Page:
The ends of the sticks were fixed to the micro tensile device with a gel-based cyanoacrylate adhesive (Super Bonder – 3M/ESPE, St Paul, Minn, USA) and adapted into a universal test device (KRATOS K2000 – EQUIP. IND. LTDA. /N. M98D301, Sao Paulo, Brazil) so as to position the bonding interfaces perpendicularly all along the axis of the tensile stress and were subject to a 0,5mm/min speed, until fracture of the specimen occurred. Then, the maximum load of rupture of each specimen was recorded and the specimen fragments were carefully removed from the grips. The results were obtained in Kgf, then transformed into MPa and subject to variance analysis– ANOVA and TUKEY test with a 5% significance level (p‹0,05).


For data analysis, descriptive and inferential statistics of the micro tensile bonding stress were obtained among all the groups (Table 2). Table 2 shows the descriptive statistics of bonding stress, in all of the groups. It was observed that the averages of bonding stress values were higher for G5, followed by G6, with no statistical difference among the relevant groups. In groups G3 and G7, averages were statistically equivalent and obtained a lower bonding stress level. Even with longer times of application of antioxidant agent, resistance decreased. Groups G3 and G8 also revealed lower bonding stress levels when compared to groups G1, G2, G5 and G6. Even with the increase in bonding stress, with longer times of application of antioxidant agent, this increase was not significant. The averages of the micro tensile bonding values ranged from 6,10 Mpa to 23,43 Mpa, the latter being the highest for the control group.

Table 2: Bonding Stress Values of the Groups.

In Table 3, results of the F Test, performed via ANOVA, are shown, in which it was possible to verify that, except for the application of antioxidant agents BHA and Sodium Thiosulfate with any time of application, all the other interactions were significant (p < 0,05). It was underscored that the hypotheses of the similarity of variances and the normal nature of the data were accepted with a 5,0% significance level (p = 0.958, as per Shapiro-Wilk Test).

Table 3: Averages of micro tensile bonding stress and results of Tukey Test.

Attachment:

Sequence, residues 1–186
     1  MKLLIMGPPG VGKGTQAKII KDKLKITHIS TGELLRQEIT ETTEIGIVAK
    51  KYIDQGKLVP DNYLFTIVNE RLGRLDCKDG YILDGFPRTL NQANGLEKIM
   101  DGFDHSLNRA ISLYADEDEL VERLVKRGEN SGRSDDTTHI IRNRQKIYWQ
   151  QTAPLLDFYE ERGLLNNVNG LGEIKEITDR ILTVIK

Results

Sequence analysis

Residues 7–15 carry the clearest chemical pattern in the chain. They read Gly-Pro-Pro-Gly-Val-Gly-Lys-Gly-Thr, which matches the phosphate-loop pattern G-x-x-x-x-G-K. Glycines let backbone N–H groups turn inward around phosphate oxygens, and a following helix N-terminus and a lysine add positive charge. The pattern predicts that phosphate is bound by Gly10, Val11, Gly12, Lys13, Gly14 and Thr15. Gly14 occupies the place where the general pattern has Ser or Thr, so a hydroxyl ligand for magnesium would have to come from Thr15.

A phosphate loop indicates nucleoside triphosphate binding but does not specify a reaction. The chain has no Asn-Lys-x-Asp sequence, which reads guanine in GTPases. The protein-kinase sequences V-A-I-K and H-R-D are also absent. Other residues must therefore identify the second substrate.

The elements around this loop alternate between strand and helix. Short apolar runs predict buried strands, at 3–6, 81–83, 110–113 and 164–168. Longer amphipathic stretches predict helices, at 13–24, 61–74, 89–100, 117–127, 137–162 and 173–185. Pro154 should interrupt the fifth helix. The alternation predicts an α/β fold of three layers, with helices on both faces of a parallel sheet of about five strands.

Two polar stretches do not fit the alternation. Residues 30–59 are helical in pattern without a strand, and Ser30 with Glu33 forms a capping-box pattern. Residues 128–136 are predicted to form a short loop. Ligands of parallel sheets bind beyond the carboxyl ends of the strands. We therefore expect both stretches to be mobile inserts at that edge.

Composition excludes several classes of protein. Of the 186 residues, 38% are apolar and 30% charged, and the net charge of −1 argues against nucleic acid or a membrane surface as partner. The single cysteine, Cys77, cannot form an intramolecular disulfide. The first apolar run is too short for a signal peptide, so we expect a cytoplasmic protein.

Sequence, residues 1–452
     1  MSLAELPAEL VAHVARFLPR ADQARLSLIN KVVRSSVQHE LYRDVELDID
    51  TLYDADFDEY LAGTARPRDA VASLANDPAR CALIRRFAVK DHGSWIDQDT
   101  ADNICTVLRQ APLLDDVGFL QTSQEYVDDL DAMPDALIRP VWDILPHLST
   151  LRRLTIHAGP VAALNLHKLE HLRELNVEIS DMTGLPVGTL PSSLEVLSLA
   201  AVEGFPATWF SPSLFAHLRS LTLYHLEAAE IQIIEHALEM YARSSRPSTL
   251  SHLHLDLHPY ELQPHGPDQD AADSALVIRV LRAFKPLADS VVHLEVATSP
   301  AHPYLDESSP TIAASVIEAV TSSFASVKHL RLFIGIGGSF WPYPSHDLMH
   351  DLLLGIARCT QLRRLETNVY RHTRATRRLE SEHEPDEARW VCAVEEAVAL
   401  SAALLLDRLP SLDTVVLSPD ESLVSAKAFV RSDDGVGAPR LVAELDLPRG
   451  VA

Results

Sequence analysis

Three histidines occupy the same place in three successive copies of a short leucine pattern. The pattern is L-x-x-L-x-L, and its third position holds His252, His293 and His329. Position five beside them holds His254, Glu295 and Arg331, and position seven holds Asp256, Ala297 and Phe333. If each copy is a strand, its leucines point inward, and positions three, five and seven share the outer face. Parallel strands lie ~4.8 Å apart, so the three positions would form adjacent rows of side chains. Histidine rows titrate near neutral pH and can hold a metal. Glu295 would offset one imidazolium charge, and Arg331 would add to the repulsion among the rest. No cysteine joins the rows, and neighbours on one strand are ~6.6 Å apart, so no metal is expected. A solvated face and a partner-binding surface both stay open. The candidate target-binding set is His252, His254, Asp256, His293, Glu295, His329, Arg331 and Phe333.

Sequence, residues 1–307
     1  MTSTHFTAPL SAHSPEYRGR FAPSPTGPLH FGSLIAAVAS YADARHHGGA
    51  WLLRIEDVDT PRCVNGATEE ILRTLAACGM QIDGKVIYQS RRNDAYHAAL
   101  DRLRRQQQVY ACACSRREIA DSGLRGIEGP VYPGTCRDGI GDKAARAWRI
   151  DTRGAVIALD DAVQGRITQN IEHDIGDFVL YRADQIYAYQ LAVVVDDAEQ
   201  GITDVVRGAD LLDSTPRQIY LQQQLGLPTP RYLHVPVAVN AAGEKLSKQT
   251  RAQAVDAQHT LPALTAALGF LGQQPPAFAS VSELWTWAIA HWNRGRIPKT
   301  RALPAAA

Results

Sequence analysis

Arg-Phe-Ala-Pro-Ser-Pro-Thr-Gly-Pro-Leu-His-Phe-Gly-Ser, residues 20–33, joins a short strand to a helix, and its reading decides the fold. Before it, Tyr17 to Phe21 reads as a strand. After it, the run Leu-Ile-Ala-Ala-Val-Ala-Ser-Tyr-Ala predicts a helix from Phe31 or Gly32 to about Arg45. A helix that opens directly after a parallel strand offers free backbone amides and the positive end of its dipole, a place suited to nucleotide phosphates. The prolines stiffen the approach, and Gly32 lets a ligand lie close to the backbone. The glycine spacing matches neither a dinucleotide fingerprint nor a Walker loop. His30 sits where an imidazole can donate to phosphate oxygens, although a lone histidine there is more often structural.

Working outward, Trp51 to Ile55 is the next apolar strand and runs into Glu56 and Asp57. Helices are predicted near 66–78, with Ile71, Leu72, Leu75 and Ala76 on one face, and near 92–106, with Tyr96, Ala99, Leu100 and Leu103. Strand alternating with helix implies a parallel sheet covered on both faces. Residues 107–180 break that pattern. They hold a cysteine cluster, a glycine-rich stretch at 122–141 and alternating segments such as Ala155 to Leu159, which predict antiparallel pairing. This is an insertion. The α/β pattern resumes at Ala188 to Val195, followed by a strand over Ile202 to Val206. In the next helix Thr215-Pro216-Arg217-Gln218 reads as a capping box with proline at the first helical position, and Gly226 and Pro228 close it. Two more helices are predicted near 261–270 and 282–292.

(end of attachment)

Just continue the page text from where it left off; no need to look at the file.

Still in Table 3, through ANOVA (one-way), a significant difference between the groups was proved (F = 43,83 and p < 01) and through the tests of matched comparisons and between group pairs: As to the Control Group, there was a significant difference vis a vis all the other groups. Through this variance analysis, the difference between groups subject to tests was observed for each one of the combinations. There were significant statistical differences among them.


The use of peroxides in dentistry has yielded excellent clinical results in whitening treatments. Yet, some undesirable effects have been identified regarding de decrease in bonding stress to the dental structure13, thus affecting the success of the post-whitening restoration procedure. Some studies have shown that the presence of residual oxygen is the main cause for the decrease in bonding stress of composites against the whitened dental structure 5-8. Thus, professionals should try to eliminate any remnant oxygen and radicals derived from the peroxides added to the dental structure to be restored with resinous materials. To perform the restoration procedure, a time interval has been recommended for enabling the entire release of peroxide by-products and, hence, for a successful and definitive restoration13, 17.
Turkun 2004 and Sundfeld et al., 2005, verified that a minimum seven-day term is considered as satisfactory. For Teixeira et al 2004, there is no difference between seven, fourteen and twenty-one days, but Basting et al., 2004, considered that the fifteen-day interval was appropriate. On the other hand, Cavalli et al., 2001 considered that the twenty-one period was ideal as there is a linear relationship between the waiting time and the increase in resistance of the bonding. From the clinical standpoint, this interval may be too long for patients that require an immediate aesthetic treatment. To minimize this inconvenience, it has been suggested that treatment of the whitened dental structure be made with antioxidant agents. These are substances that act by neutralizing free radicals by emitting their own electrons, which halts the reaction of loss of electrons. The best known antioxidants are Vitamins A, C (Ascorbic Acid), E, Betacarotene20, Sodium ascorbate, Sodium Thiosulfate solution21. These antioxidants may be used to revert the values of bonding resistance of teeth subject to whitening practices14, 22 by removing the residual oxygen from the dental structure, with the aim to promote a good adhesion on the enamel and on the dentine15. Hence, this could be an alternative to decreasing the time interval between whitening and definitive restoration23. Antioxidants used in this study were as follows: Sodium Thiosulfate and BHA, Sodium Ascorbate and Ascorbic Acid. Sodium Thiosulfate removes free radicals from neural cells resulting from the oxidation of dopamine. These free radicals are considered as the origin and evolution of Parkinson disease23. BHA is a synthetic antioxidant used in the food industry for the suppression of oxidation in animal fats. Its efficacy is limited in unsaturated oils derived from vegetables or seeds. It has low stability levels when submitted to high temperatures. Research has shown that these antioxidants may have toxic effects24.